The photo on the left shows Somalia as he was when I first saw him in 1994. He had not yet been turned over to the Orangutan Foundation and you could tell how the isolation at so young an age was affecting him. I truly didn’t believe he would survive.
I had seen sick orphaned orangutans before, but always in the arms of their caretakers, those wonderful people who treat these babies as if they were their own. Dr. Biruté Galdikas “confiscated” Somalia by persuading the authorities that his life was in danger after visitors reported seeing him in desperate condition. Earlier Dr. Shirley McGreal of the International Primate Protection League who was visiting Pangkalan Bun, Camp Leakey and the Park after the International Primatological Society conference in Bali, had complained about Somalia to officials at Tanjung Puting National Park but had gotten little response. Her complaint prepared officials for Dr. Galdikas’s strong action.
The current photo of Somalia, taken in the Fall of 1999, shows that not only did he survive, he thrived, thanks to numerous caretakers who dedicated themselves to nurturing him back to health. Among those caretakers were Barbara Shaw, Bonnie Hall, David Miller, Michelle Dujmovic, Lone Nielson, and many others as well as local Indonesian assistants, Pak Sa, Pak Epeng, Pak Mekoh, Pak Sehat and others.
I can vouch that Somalia is now a rambunctious character who loves to play hard-to-get when it’s time to go back to the Care Center at the end of the day. His male caretaker cajoles in every possible way to entice Somalia down from his favorite spots in the forest, which always happen to be up a tree just out of reach of his caretaker!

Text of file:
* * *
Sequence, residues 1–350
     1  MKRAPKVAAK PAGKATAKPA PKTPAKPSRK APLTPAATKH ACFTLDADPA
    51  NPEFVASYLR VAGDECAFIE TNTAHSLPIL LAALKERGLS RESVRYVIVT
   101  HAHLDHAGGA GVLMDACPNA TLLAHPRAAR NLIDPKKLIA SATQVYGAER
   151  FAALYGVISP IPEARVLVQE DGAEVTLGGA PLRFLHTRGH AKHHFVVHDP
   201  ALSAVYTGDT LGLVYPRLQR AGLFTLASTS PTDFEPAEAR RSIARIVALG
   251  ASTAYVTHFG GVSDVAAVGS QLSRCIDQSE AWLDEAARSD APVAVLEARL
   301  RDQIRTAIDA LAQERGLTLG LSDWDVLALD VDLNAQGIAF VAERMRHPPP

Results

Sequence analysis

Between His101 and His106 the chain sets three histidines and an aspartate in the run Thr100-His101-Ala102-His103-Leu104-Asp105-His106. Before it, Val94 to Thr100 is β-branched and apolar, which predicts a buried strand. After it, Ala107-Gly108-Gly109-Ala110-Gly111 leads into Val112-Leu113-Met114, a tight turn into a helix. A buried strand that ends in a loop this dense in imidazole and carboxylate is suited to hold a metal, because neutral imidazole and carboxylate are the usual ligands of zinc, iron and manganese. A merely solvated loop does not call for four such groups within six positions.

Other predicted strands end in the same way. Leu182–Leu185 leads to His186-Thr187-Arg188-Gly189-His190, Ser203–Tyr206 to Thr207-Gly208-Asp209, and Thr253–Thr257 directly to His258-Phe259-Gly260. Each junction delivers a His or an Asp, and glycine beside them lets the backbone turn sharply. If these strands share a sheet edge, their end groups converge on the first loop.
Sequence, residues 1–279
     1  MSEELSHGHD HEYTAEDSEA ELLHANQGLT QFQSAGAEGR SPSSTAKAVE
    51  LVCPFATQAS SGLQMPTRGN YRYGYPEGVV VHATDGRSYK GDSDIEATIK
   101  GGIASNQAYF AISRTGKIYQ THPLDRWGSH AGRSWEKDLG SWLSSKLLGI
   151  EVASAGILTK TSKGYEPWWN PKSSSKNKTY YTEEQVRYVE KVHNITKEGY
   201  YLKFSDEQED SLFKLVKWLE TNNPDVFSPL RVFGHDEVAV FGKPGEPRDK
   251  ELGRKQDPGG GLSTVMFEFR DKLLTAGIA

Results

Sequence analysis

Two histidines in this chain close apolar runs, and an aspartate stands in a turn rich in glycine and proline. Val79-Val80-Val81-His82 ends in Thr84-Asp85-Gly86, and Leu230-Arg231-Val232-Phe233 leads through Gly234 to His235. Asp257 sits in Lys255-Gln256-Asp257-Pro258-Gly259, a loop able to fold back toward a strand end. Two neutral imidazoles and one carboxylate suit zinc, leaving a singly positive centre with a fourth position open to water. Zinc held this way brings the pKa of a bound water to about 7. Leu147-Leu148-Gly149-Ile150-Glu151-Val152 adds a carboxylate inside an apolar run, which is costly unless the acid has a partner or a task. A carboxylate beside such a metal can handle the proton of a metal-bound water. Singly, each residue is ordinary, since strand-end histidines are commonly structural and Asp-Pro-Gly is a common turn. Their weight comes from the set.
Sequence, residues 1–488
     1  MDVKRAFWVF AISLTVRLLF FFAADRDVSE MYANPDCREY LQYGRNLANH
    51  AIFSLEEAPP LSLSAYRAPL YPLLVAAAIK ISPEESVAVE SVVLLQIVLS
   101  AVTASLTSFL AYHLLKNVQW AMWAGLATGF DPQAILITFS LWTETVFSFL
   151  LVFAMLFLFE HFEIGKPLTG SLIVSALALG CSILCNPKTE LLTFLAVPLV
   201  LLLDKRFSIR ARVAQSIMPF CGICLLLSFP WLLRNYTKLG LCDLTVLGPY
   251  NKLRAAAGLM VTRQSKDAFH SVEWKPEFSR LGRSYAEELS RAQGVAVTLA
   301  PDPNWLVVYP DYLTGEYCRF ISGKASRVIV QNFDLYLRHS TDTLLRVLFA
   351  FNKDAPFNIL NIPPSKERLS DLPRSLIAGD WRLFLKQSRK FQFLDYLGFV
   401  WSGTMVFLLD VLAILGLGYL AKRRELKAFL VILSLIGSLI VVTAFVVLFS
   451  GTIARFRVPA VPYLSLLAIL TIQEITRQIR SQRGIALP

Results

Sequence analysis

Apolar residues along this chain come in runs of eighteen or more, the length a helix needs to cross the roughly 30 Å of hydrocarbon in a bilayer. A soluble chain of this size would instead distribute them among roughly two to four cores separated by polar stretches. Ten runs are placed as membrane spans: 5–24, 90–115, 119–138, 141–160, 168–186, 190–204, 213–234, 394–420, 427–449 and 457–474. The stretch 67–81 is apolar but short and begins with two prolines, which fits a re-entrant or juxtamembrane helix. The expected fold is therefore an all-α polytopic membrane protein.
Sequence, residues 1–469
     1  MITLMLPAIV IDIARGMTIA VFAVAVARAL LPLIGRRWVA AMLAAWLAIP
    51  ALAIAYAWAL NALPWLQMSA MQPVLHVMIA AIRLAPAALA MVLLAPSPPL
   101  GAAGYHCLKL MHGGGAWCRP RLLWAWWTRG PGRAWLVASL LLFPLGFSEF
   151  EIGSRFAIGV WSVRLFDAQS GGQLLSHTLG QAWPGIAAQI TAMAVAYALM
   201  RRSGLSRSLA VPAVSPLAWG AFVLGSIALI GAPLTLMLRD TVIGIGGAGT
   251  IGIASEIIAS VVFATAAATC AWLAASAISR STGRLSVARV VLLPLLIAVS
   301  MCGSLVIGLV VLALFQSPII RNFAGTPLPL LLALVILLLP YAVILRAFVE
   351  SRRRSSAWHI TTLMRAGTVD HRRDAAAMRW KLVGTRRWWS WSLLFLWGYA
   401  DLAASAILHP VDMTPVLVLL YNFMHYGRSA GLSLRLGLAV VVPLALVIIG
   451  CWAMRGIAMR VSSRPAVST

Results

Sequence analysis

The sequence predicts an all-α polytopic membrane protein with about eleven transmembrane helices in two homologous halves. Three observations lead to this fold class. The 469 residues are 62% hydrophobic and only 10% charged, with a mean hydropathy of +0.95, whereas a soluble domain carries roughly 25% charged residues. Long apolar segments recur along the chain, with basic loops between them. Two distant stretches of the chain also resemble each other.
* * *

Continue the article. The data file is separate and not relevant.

Since Somalia seems to be less obstinate with females (the human kind), I said I’d try to get him down, using fruit as encouragement. It worked, but if you ever try to piggyback Somalia while trying to walk on logs stretched over the swampy water (not a strong point of mine!), I suggest you steer clear of the trees. Somalia cooperates only until he can reach out to the next tree, naturally taking the fruit with him.
Finally, after two or three “ups and downs” we reached the end of the forest where he quickly scrambled down and disappeared into the tall grasses. His caretaker, who had stayed out of sight behind us, was sure he would head back into the forest. We decided to continue on to the Care Center and decide from there where we would begin to search for him again. As we neared the Center, who was waiting for us but Somalia, with a look that to us seemed like he was saying, “What took you so long?”!
What a wonderful experience to see him so active after such a rough beginning, and to know that in some small way, being a member of the Orangutan Foundation International, helps Somalia and the many other needy orangutans. If you’re not yet a member, please join soon.